Mason v. Colvin
MEMORANDUM OPINION AND ORDER that the decision of the Commissioner of Social Security denying plaintiff benefits is AFFIRMED. Signed by Magistrate Judge Katherine P. Nelson on 2/9/2015. (srr)
IN THE UNITED STATES DISTRICT COURT
FOR THE SOUTHERN DISTRICT OF ALABAMA
o/b/o R.P.C., Jr.,
CAROLYN W. COLVIN,
Acting Commissioner of Social Security, )
Civil Action No. 14-00159-N
MEMORANDUM OPINION AND ORDER
Plaintiff Beulah Mason brings this action on behalf of minor Claimant R.P.C.,
Jr., pursuant to 42 U.S.C. §§ 405(g) and 1383(c)(3), seeking judicial review of a final
decision of the Commissioner of Social Security denying his application for
supplemental security income (“SSI”). The parties have consented to the exercise of
jurisdiction by, and this case has been ordered referred to, the undersigned United
States Magistrate Judge for all proceedings in this Court pursuant to 28 U.S.C. §
636(c). See Docs. 15, 16.
Upon consideration of the administrative record (“R.”) (docs. 9, 12), Plaintiff’s
Brief (Doc. 10), the Commissioner’s Brief (Doc. 11), and the arguments presented at
the hearing held November 4, 2014 (cf. Docs. 18-19), the Court has determined that
the Commissioner’s decision denying Plaintiff’s benefits should be AFFIRMED.1
Any appeal taken from this memorandum opinion and order and simultaneously entered
separate judgment may be made directly to the Eleventh Circuit Court of Appeals. See 28
U.S.C. § 636(c)(3); FED. R. CIV. P. 73(c)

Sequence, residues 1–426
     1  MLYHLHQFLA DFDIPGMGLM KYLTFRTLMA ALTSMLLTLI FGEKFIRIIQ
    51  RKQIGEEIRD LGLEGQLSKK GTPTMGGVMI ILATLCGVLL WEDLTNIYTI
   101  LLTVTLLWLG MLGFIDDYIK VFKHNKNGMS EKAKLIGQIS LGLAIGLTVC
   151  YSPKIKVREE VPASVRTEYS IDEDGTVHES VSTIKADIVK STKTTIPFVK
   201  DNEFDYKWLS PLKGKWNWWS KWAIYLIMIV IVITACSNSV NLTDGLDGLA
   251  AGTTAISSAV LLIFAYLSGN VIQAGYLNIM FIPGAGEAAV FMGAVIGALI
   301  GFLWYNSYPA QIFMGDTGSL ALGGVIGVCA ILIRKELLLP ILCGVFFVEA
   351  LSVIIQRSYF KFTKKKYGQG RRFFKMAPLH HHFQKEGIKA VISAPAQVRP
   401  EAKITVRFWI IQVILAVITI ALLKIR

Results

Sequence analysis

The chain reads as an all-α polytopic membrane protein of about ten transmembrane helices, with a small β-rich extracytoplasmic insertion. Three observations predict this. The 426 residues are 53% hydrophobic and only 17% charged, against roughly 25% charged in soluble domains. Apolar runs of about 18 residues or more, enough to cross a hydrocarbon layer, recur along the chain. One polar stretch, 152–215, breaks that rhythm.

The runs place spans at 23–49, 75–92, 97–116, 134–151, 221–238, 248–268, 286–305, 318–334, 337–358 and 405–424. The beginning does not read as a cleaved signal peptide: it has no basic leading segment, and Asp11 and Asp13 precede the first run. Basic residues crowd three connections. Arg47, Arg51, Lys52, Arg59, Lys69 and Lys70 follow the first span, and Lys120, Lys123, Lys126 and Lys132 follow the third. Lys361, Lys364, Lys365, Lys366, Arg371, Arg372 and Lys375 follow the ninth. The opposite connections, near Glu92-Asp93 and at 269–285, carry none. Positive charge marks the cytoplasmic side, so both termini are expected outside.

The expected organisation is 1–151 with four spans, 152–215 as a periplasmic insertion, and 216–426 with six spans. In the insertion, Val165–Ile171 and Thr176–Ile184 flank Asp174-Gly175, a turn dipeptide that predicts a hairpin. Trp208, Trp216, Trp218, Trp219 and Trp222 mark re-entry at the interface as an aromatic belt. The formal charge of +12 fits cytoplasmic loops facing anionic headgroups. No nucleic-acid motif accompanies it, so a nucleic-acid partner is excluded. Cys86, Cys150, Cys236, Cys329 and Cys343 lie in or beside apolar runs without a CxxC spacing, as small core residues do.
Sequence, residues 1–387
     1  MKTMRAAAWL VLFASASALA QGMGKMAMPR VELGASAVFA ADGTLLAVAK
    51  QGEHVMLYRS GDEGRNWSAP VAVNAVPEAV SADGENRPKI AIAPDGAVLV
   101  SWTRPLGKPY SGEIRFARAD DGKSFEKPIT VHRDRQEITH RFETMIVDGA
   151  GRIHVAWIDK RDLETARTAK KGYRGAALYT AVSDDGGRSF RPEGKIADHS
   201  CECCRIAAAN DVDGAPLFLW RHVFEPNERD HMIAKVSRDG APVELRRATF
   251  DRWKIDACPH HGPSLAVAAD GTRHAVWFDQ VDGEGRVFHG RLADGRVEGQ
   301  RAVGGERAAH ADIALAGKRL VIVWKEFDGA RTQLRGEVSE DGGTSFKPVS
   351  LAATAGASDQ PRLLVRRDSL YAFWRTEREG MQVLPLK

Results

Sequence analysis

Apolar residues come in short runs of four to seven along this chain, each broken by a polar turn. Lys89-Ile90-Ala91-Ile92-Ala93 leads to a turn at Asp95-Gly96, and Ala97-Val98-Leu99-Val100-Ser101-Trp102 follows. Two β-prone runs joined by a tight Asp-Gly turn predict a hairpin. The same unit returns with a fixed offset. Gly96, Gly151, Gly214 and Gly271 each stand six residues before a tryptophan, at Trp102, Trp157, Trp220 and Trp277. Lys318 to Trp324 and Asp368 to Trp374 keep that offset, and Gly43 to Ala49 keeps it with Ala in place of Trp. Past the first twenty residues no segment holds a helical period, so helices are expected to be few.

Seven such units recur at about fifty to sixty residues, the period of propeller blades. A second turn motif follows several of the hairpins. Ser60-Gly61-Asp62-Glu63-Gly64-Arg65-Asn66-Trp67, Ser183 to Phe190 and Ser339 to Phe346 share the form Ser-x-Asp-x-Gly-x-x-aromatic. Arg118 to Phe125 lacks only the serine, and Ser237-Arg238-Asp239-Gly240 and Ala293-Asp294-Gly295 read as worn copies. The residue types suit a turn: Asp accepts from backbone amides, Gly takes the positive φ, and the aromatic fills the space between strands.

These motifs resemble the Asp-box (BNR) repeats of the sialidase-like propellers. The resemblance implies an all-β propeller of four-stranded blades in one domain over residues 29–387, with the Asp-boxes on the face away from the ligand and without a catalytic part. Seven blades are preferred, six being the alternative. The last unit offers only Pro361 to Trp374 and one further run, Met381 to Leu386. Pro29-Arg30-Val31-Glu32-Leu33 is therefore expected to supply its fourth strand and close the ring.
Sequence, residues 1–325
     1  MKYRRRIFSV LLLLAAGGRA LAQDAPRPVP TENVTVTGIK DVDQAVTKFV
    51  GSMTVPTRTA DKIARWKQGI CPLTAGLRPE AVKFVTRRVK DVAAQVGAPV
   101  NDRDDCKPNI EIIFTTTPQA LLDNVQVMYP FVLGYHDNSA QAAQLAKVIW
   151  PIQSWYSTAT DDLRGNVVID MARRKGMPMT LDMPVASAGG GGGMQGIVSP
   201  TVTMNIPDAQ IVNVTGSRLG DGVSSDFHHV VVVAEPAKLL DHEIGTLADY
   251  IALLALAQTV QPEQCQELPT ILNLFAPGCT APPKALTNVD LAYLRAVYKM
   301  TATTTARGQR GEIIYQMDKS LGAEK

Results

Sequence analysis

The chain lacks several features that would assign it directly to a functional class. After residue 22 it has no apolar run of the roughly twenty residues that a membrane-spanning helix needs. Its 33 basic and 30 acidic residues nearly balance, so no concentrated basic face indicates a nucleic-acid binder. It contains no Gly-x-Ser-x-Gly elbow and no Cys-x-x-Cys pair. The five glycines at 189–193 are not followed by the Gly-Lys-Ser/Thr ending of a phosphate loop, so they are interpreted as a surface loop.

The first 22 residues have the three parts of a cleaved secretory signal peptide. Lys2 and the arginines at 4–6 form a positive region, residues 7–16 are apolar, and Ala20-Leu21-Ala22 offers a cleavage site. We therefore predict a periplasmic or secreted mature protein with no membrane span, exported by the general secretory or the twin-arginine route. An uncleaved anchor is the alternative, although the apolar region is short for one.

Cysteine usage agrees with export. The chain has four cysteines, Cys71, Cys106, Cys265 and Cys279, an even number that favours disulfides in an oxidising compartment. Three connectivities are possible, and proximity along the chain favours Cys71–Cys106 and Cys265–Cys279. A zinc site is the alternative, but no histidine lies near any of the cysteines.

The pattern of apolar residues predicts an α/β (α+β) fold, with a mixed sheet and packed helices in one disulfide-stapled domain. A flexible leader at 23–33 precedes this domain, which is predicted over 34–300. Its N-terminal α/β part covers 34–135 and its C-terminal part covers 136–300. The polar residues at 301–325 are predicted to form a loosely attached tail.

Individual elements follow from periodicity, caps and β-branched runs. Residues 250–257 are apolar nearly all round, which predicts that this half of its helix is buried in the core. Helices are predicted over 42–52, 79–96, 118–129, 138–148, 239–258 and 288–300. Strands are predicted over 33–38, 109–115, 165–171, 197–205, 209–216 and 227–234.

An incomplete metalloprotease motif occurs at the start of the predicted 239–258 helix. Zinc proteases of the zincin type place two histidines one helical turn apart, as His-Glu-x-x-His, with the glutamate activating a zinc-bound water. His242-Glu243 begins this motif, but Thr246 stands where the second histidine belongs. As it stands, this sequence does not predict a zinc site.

Plaintiff filed applications for SSI on behalf of Claimant, R.P.C. Jr., her child,
in July 2010 (see R. 132-135), alleging a disability onset date of August 1, 2009. See
R. 132. The application was initially denied. See R. 76-79. A hearing was conducted
before Administrative Law Judge Linda J. Helm (“ALJ”) on January 11, 2012. See R.
47-73. On March 19, 2012, the ALJ issued the decision, now before this Court,
finding Claimant not disabled. R. 20-42. The Appeals Council issued a decision
declining to review the ALJ’s determination on February 21, 2014. See Doc. 12 at
3-5. The Commissioner’s decision being final for purposes of judicial review (see 20
C.F.R. § 404.981), a complaint was filed in this Court on April 7, 2014. See Doc. 1.
Claims on Appeal
Plaintiff asserts that the Commissioner’s decision to deny benefits is in error
“by failing to adequately consider school records and reports from the child
claimant’s teachers that unmistakably indicated a finding of at least [two marked
limitations].” Doc. 10 at 3.
Standard of Review
In reviewing claims brought under the Act, this Court's role is a limited one.
The Court's review is limited to determining 1) whether the decision of the Secretary
is supported by substantial evidence and 2) whether the correct legal standards were
applied. Martin v. Sullivan, 894 F.2d 1520, 1529 (11th Cir .1990). A court may not
decide the facts anew, reweigh the evidence, or substitute its judgment for that of
the Commissioner. Sewell v. Bowen, 792 F.2d 1065, 1067 (11th Cir.1986). The
Commissioner's findings of fact must be affirmed if they are based upon substantial
evidence. Brown v. Sullivan, 921 F.2d 1233, 1235 (11th Cir.1991); Bloodsworth v.
Heckler, 703 F.2d 1233, 1239 (11th Cir .1983) (holding substantial evidence is
defined as “more than a scintilla but less than a preponderance” and consists of
“such relevant evidence as a reasonable person would accept as adequate to support
a conclusion.”). In determining whether substantial evidence exists, a court must
view the record as a whole, taking into account evidence favorable, as well as
unfavorable, to the Commissioner's decision. Chester v. Bowen, 792 F.2d 129, 131
(11th Cir.1986); Short v. Apfel, 1999 U.S. Dist. LEXIS 10163, *4 (S.D. Ala. June 14,
Childhood Disability Law
The Personal Responsibility and Work Opportunity Act of 1996, which
amended the statutory standard for children seeking supplemental security income
benefits based on disability, became effective on August 22, 1996. See Pub. L. No.
104–193, 110 Stat. 2105 § 211(b)(2) (1996) (codified at 42 U.S.C. § 1382c). Under the
Act, the definition of “disabled” child is: